I. Families Affected

Laurie Wicks said she was blindsided by her son Keegan’s addiction, which started when he was in his early teens.

“Our relationship had been very good and out of all my children, Keegan was probably the most open and we had lots of fun together,” Laurie said.

Keegan was funny, respectful and well-liked. But when he started using drugs, he became distant from his mother and their relationship changed.

“When I would get home from school or spend time with friends, [my mom would ask,] ‘How was your day?’ My response would be, ‘Good,’” Keegan said. “Or you know, ‘What did you do?’ My response would be, ‘Nothing.’”

Keegan was struggling with clinical depression and attended counseling, but he didn’t tell his counselor about his addiction. It wasn’t until Keegan told his mother on Christmas in 2009 that she learned about his drug use. Just shy of turning 18, Keegan went into rehab.

When someone suffering from addiction goes into treatment, many facilities don’t create a space for families to play a part in their loved one’s recovery. While that works for some, others say a strong foundation of family support is essential to successful recovery.

In Philadelphia and around the country, programs like Be a Part of the Conversation and Philadelphia Sober Living take two different approaches to making sure people in recovery have a family.

Now 26, Keegan has been in recovery for eight years and is close with his mother again. The two often travel together to share their family’s experiences with addiction and recovery.

Even though Laurie said their experience was frightening at the time, she wouldn’t change a thing.

“It has enriched our relationship with each other,” Laurie said. “[We] highly value each other and respect each other.”

Laurie added it’s important for those struggling with addiction to know they have their family’s support.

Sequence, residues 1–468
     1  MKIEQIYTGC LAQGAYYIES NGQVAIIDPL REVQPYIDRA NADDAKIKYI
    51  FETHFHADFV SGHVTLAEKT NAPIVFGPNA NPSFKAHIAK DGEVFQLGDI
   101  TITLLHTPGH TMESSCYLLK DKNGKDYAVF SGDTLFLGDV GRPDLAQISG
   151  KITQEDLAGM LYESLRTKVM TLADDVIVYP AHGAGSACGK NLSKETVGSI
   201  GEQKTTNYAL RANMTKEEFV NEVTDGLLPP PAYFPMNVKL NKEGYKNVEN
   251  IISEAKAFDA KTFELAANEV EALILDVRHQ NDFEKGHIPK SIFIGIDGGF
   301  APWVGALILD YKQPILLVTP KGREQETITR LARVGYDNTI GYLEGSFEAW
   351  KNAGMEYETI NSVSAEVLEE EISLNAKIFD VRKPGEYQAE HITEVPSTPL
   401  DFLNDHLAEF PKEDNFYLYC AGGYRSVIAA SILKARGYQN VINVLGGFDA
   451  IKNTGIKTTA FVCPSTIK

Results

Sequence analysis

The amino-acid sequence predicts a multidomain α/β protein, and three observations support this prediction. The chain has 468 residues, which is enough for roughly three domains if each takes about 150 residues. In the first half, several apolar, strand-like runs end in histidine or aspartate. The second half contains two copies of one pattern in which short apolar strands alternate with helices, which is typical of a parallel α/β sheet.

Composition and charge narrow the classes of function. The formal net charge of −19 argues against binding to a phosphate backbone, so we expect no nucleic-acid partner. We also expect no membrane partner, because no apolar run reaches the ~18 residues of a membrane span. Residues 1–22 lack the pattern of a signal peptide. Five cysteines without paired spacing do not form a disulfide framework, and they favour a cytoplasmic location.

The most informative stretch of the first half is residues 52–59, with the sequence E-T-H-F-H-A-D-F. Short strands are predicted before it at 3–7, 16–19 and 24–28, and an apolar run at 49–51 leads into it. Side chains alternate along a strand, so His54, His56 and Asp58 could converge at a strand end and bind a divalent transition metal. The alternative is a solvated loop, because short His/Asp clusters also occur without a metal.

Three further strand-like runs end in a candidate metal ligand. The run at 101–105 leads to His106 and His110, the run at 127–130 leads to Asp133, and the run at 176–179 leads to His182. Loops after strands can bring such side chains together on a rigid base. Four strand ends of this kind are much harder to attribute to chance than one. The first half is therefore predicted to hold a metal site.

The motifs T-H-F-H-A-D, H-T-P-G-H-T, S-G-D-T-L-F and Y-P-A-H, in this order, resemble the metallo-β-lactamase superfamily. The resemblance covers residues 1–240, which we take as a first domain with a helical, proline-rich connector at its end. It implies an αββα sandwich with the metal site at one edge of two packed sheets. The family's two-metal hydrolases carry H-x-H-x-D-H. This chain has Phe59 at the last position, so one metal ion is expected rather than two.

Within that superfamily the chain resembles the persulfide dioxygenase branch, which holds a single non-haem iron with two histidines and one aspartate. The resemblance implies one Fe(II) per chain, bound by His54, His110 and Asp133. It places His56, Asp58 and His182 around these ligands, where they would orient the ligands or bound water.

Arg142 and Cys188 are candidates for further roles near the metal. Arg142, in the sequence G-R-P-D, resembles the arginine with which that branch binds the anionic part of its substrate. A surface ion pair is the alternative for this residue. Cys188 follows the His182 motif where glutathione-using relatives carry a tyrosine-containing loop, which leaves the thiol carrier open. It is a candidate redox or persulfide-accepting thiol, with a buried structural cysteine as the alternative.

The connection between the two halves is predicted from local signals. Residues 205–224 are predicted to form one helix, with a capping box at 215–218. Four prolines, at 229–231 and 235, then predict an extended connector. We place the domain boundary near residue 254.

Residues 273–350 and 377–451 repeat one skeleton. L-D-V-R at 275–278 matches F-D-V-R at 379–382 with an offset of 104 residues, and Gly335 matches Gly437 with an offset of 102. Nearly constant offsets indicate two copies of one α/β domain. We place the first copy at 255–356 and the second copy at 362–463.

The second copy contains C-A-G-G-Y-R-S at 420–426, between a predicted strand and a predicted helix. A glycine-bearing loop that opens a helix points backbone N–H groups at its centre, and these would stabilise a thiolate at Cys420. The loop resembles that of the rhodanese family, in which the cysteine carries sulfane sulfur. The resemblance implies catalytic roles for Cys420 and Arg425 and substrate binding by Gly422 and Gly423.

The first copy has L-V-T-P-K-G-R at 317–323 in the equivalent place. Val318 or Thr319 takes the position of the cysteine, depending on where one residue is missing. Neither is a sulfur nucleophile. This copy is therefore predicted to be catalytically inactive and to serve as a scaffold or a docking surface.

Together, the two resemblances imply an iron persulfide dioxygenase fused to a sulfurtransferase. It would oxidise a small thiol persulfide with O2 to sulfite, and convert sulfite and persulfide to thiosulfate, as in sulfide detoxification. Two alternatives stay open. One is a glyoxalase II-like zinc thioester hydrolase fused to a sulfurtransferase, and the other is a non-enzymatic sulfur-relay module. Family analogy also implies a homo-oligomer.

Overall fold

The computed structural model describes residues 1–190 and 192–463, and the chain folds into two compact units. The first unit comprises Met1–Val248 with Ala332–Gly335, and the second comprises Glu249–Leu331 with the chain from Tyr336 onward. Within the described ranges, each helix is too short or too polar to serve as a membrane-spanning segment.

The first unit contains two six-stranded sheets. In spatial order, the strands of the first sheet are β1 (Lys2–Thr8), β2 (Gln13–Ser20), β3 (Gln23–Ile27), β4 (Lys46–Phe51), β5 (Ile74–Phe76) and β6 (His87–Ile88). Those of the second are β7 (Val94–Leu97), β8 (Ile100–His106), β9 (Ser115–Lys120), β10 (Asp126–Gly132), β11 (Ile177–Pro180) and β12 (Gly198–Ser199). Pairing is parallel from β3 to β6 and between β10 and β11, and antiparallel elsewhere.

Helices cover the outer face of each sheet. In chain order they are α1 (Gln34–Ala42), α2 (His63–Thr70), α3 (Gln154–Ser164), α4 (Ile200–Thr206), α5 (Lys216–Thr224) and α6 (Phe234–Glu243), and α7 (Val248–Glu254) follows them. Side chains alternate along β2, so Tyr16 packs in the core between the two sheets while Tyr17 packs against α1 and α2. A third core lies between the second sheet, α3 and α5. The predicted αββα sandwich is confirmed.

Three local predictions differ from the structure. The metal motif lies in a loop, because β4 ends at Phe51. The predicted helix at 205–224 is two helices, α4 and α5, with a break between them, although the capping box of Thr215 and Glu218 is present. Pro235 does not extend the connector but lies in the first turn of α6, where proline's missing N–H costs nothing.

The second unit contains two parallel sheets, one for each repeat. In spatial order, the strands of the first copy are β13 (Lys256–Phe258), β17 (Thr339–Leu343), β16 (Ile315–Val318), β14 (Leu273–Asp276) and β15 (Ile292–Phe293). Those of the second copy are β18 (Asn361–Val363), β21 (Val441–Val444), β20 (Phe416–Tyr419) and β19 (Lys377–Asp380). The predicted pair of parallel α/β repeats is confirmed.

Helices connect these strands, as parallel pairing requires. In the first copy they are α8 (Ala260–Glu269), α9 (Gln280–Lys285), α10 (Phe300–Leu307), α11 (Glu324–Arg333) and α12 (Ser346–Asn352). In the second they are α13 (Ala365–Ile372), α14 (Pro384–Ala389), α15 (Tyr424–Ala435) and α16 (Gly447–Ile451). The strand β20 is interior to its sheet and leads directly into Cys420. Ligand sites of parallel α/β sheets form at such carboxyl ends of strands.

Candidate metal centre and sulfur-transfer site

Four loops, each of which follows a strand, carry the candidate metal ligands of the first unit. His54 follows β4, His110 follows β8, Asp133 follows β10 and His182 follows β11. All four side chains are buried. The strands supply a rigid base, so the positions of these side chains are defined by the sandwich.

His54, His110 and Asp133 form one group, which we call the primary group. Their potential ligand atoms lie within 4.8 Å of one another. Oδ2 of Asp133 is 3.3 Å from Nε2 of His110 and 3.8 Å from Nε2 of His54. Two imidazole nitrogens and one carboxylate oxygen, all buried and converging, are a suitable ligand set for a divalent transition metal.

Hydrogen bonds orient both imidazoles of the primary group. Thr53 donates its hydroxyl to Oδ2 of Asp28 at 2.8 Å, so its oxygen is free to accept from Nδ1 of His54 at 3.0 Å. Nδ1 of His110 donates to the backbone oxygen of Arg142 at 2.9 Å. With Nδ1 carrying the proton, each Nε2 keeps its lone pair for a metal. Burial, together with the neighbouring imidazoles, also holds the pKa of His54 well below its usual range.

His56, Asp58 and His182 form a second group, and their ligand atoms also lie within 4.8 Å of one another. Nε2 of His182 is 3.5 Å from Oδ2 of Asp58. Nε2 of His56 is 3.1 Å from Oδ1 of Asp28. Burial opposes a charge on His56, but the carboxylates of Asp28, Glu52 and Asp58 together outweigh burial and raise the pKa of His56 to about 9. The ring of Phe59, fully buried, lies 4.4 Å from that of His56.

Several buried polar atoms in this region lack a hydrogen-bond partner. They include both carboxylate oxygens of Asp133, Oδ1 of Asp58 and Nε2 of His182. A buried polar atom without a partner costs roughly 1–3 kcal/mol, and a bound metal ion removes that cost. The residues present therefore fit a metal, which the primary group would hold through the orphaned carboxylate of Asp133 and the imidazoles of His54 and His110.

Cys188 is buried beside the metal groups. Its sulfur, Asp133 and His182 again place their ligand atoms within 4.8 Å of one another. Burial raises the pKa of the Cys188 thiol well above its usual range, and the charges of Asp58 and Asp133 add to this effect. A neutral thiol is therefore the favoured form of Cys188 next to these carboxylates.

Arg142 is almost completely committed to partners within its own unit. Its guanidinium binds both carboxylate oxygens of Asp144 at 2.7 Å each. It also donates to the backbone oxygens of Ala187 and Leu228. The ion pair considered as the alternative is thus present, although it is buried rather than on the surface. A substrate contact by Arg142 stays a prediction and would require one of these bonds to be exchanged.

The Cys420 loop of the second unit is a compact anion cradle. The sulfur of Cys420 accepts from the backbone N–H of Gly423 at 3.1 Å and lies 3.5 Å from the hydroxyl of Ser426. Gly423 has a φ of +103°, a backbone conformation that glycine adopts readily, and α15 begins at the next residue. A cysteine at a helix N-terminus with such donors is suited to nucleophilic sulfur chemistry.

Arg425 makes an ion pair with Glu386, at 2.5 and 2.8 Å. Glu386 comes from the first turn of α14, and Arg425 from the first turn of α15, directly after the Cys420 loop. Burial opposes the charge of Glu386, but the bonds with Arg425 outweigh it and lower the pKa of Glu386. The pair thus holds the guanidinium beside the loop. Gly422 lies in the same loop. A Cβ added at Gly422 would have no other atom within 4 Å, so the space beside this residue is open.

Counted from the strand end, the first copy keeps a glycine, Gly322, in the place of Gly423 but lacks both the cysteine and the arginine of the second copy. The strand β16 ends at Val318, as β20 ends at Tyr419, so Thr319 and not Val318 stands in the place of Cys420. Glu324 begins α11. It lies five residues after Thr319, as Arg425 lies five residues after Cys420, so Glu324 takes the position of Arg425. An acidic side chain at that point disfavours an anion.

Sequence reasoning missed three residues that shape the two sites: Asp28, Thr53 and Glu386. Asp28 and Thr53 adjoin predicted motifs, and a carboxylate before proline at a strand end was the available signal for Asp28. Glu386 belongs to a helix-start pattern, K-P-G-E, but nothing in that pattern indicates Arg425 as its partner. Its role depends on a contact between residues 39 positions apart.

“It’s so important to focus on positive reinforcement and positive actions and for that person who is using substances to know that they are loved by their family,” she said.

Philadelphia Sober Living is located on the 1600 block of South Marston Street in South Philadelphia’s Point Breeze neighborhood. PHOTO BY SYDNEY SCHAEFER

II. Creating a Family of Their Own

Some facilities, like Philadelphia Sober Living, offer avenues for residents to spend time with their families while they recover.

The recovery residence sits in Girard Estates, a neighborhood in South Philadelphia.

For a resident’s first two weeks at PSL, they are set to follow structured time every day. In the mornings, residents have to attend meetings and search for or go to a job. Then, after 3 p.m., resident’s can’t leave the house unless they’re accompanied by a senior member, said Alex Knowles, the director of male housing for PSL.

The residence uses a 12-step model to support men and women in their recovery, and owners Anthony Curci and his wife, Beverly Brown, strive for a family-like atmosphere for residents.

Every week, residents gather at Curci and Brown’s home for food and conversation as part of “Family Night.” The gathering is meant to serve as an opportunity for residents who might not have a family of their own, but who still want to feel like they have one.

Matthew Barilone (center) and his parents, Andrea (left) and Dominic (right), pose for a portrait in their Northeast Philadelphia home. Barilone is a resident at
Philadelphia Sober Living. PHOTO BY SYDNEY SCHAEFER

Matthew Barilone, 24, who has been a resident at Philadelphia Sober Living for seven months, said addiction was a part of his family life. His father has been in recovery for 30 years, and his uncle for 33, he said. But when Barilone started using heroin at 14 years old, his family didn’t get involved.